Crime, money power shadow Uttar Pradesh polls
percent of the candidates in the second phase of Uttar Pradesh
elections are embroiled in criminal cases, two groups said Friday.
The Association for Democratic Research (ADR) and National
Election Watch (NEW) said the number of
Considering what is at stake, top leaders of all political parties
have descended in Uttar Pradesh's poll arena to select its 16th
However, unlike in the past, when issues used to be clearly
visible and so was the inclination of the voter, thereby making
poll speculation easier, the 2012 state assembly election appears
to be most unpredictable.
Besides the four key political players - the ruling Bahujan Samaj
Party (BSP), Samajwadi Party (SP), Congress and Bharatiya Janata
Party (BJP) - there has been the emergence of the Peace Party,
that is seen, more than anything else, as a spoilsport.
Congress took the first plunge into the electoral campaign in the
state, where it had been out of power for more than two decades.
With an uphill task of reviving it in the state, star campaigner
Rahul Gandhi had started the ground work way ahead of others.
Be it visiting Dalit homes in the poverty-ridden backwaters of the
state or taking a plunge into the cauldron of farmers' issues in
Noida's Bhatta Parsaul, or boarding a second class compartment of
a Gorakhpur train, every move of Rahul was clearly aimed at wooing
the electorate. And the moves paid dividends to the extent of
establishing the Gandhi scion's goodwill with a large chunk of the
masses across the state.
After all Rahul had finally stepped out of the confines of Amethi
and Rae Bareli - his and his mother Sonia's parliamentary
constituencies. By the time elections were announced, Rahul had
already done much of the spade work. His mother has recently
joined him to cover several areas, while sister Priyanka too has
pitched in to take care of the assembly segments under Amethi and
Rae Bareli Lok Sabha constituencies. The only other prominent face
to join the Congress campaign here was Delhi Chief Minister Shiela
All other parties got down to business only after the elections
looked in sight. And SP chief Mulayam Singh Yadav's son Akhilesh
Yadav who had also travelled the length and breadth of the state
well before the announcement of the elections, was the first to
take to the road, moving from one constituency to another. His
initial objective to drive home the message that he was out to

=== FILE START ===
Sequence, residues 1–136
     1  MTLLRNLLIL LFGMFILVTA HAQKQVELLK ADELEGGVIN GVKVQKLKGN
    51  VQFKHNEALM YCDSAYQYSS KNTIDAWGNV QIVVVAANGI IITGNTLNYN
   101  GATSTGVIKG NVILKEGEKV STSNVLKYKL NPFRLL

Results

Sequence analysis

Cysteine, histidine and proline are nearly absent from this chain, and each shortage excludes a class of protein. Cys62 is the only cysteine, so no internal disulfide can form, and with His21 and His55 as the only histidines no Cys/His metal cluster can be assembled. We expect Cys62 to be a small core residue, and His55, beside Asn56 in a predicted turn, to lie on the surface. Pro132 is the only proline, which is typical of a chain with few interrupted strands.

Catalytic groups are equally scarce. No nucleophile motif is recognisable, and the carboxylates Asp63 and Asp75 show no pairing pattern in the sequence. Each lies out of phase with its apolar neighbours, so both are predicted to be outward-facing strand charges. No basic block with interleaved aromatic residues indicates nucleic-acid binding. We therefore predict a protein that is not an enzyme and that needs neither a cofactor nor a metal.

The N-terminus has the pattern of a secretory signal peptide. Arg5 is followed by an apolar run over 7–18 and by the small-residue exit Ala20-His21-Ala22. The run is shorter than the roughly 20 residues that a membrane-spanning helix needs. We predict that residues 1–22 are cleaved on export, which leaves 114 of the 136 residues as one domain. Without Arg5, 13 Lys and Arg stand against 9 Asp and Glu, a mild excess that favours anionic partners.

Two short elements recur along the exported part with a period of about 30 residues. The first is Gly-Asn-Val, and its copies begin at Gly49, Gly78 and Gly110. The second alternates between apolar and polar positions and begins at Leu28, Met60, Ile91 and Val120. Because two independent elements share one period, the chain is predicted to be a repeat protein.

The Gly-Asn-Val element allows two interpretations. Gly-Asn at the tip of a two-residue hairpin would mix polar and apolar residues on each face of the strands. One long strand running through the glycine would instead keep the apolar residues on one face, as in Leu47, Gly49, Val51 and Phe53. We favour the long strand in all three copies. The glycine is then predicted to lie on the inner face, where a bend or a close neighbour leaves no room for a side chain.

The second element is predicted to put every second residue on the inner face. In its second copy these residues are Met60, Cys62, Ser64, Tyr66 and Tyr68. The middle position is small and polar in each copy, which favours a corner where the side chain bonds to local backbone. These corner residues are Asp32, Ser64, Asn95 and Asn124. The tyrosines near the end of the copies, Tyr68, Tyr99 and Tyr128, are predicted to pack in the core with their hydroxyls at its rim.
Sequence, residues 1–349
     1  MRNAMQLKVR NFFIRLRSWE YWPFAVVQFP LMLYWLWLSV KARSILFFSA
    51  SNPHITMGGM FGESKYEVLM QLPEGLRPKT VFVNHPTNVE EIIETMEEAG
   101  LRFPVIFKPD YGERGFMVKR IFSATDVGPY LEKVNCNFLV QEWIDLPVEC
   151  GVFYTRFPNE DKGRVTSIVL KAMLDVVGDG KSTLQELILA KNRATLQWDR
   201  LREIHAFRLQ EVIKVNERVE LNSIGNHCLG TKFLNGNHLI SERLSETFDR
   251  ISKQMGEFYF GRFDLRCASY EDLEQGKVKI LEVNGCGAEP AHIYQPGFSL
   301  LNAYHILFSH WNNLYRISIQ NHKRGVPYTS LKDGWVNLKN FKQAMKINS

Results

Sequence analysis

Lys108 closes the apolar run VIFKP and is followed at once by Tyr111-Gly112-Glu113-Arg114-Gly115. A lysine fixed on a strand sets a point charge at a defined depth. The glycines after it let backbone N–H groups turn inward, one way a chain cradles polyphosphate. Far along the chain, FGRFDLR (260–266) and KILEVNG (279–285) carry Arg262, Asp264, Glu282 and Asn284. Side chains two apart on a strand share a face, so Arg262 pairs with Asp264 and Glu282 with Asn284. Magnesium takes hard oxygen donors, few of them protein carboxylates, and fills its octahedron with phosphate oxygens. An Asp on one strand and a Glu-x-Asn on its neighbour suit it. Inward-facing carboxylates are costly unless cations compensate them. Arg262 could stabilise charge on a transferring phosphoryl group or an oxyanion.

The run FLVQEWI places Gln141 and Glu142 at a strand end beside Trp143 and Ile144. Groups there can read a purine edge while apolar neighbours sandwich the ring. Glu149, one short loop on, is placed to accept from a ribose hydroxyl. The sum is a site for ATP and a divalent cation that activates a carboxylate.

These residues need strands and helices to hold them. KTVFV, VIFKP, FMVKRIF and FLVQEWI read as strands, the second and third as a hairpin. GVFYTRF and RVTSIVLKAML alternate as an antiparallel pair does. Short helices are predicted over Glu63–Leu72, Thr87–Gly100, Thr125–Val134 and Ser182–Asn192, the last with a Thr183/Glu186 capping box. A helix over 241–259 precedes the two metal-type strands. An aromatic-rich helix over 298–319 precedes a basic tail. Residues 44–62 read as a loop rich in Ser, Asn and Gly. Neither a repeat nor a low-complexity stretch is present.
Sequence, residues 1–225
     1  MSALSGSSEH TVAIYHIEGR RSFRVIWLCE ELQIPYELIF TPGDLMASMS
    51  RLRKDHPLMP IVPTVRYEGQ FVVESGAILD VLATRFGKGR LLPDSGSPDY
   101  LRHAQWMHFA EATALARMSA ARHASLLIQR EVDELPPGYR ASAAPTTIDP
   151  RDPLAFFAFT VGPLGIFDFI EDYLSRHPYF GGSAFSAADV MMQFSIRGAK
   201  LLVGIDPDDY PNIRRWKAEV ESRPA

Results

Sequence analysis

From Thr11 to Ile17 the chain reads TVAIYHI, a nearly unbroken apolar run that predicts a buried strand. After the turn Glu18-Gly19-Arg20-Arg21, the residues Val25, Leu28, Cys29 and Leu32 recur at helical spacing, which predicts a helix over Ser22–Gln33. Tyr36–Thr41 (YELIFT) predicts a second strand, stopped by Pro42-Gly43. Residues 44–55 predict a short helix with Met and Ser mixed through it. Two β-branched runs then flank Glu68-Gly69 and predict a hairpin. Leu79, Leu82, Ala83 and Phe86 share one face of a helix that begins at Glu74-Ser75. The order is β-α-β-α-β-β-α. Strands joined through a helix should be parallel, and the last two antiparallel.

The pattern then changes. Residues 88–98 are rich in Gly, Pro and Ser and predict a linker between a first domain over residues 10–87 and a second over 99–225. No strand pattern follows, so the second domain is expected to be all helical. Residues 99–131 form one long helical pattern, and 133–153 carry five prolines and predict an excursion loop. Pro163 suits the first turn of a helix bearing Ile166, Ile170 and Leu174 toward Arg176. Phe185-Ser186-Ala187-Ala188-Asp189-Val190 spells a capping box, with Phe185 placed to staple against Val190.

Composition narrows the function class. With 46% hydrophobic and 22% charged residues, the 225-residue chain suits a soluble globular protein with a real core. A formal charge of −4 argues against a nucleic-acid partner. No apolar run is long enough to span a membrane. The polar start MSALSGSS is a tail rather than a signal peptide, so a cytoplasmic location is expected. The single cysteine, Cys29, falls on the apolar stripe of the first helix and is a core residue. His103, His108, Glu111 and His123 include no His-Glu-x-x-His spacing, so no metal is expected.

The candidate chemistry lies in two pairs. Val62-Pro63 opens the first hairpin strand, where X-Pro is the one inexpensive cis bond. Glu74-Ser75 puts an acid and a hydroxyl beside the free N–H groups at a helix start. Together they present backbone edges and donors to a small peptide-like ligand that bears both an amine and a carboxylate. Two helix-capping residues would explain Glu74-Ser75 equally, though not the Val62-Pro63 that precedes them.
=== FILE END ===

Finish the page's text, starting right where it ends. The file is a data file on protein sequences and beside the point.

re-invent the party was well received and the 39-year-old was also
making waves in many places.
Meanwhile, his father was hopping all over the state on a chopper
with colleague Azam Khan, trying to woo Muslims. The entire focus
was on reviving the party's support base of Muslims, who had in a
big measure drifted away from the SP because of Mulayam's
shortlived handshake with ousted BJP bigwig Kalyan Singh, better
known as the mastermind of the Ayodhya mosque demolition.
Unlike the Congress and Samajwadi Party, the BJP has a whole army
of leaders swarming Uttar Pradesh. While the campaign was
initially entrusted entirely to Uma Bharti, who was not very long
ago imported from Madhya Pradesh to turn around the party's
fortunes here, several other top line BJP leaders have started
spreading their tentacles across the state. These include Nitin
Gadkari, Rajnath Singh, Sushma Swaraj and Arun Jaitely. But the
BJP has somehow remained shy of bringing in Gujarat Chief Minister
Narendra Modi for the campaign.
The ruling BSP, however, has a lone campaigner in Chief Minister
Mayawati, who chose to step in far behind her rivals. But her
supporters have an explanation for her late start.
"Behenji has her core constituency of Dalits who form 20 percent
of the electorate; none of the other political parties have a
solid base of more than five percent, therefore in real terms, she
is well ahead of others," is what one of her close confidantes
And doubtlessly, her support was more than amply demonstrated in
the mammoth turnout at the half a dozen election rallies she
addressed over the first three days of her campaign.
With the first phase of the seven-phase balloting just days away
Feb 8, no one is able to say with some confidence which way the
political wind is going to blow in the country's most politically
(Sharat Pradhan can be
contacted at email@example.com)